I practice as a mental health clinical pharmacy specialist in outpatient mental health at the Clement J. Zablocki Veterans Affairs Medical Center in Milwaukee. I was drawn to the field of mental health because I truly enjoyed working with this patient population and found I could help fill important needs due to the shortage of psychiatric clinicians. There are several barriers to mental health care access, including but not limited to stigma, long wait times for appointments, provider insensitivity or inadequate response to mental health needs, and lack of financial resources. As a mental health pharmacist, I am able to help patients overcome some of these barriers and improve their quality of care.
Many patients also struggle with substance use disorders, which can be especially stigmatizing. Over the course of the past several years, opioid misuse and abuse has become more prevalent among my patient population. We are currently battling an opioid crisis and I found a couple of unique ways to contribute my skills to groups or organizations already working on potential solutions.
Working with First Responders
My father is a retired police officer and I recognized there are often gaps between law enforcement and healthcare. These gaps appear even wider when working with patients who suffer from mental health disorders, including substance use. Law enforcement officers are often dealing with emergent and difficult situations. They do not always get to hear the success stories about people who quit using substances and turn their lives around. Therefore, it was important to me to work with law enforcement and officers of the court on bridging these gaps.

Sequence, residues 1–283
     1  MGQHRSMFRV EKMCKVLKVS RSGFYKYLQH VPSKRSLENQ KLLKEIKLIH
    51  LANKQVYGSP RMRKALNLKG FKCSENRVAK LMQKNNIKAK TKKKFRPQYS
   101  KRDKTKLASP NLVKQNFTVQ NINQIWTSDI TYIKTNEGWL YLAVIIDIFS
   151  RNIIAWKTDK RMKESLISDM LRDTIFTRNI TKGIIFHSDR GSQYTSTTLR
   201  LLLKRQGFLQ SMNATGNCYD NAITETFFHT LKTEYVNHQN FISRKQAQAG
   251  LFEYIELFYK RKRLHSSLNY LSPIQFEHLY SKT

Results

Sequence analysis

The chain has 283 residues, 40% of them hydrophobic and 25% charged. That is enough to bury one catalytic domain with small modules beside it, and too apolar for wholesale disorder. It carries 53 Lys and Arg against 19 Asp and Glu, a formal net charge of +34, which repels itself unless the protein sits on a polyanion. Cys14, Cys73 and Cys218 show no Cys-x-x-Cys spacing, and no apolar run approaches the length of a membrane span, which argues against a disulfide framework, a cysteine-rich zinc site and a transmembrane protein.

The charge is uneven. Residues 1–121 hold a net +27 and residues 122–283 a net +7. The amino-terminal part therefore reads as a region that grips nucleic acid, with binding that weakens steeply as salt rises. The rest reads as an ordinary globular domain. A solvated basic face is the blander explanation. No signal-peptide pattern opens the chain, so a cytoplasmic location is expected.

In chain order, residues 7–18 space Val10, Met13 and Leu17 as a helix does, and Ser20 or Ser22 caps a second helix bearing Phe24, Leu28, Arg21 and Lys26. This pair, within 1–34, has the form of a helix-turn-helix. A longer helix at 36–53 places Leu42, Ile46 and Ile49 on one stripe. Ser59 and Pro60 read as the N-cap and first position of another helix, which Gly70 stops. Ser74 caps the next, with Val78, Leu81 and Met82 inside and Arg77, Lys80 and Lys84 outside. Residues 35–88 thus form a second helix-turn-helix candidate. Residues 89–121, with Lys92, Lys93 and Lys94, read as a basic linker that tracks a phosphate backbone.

Crisis Intervention Team (CIT) trainings are designed for law enforcement officers with a goal of improving police interactions with people living with mental illnesses and safety outcomes. CIT programs involve partnerships between law enforcement, mental health providers, and local National Alliance on Mental Illness (NAMI) chapters. Over 40 hours of training is provided in each session and I deliver one hour of that training on psychotropic medications and naloxone in Ozaukee and Washington Counties. I started participating in these trainings in 2016 and have now worked with hundreds of police officers.
Naloxone is a potentially life-saving medication that can be administered to people who accidentally or intentionally overdose on opioids. Naloxone has also been used in the field to save police officers who accidentally ingest dangerous substances, like fentanyl or carfentanil, via inhalation or touch when responding to calls where these substances are involved. Opioids bind to receptors in the brain and an individual’s breathing can slow down and then stop if too many of those receptors become occupied. Naloxone knocks opioids off receptors in the brain, reversing the overdose and allowing the person to breathe normally again.
Many police officers in the state of Wisconsin now carry naloxone so they can administer it in emergency situations where opioid overdose is suspected. I provide training on how naloxone works, when it should be given, dosing, potential adverse effects, and storage considerations. I also include education on substance use as a disease state and viewing the person as a whole.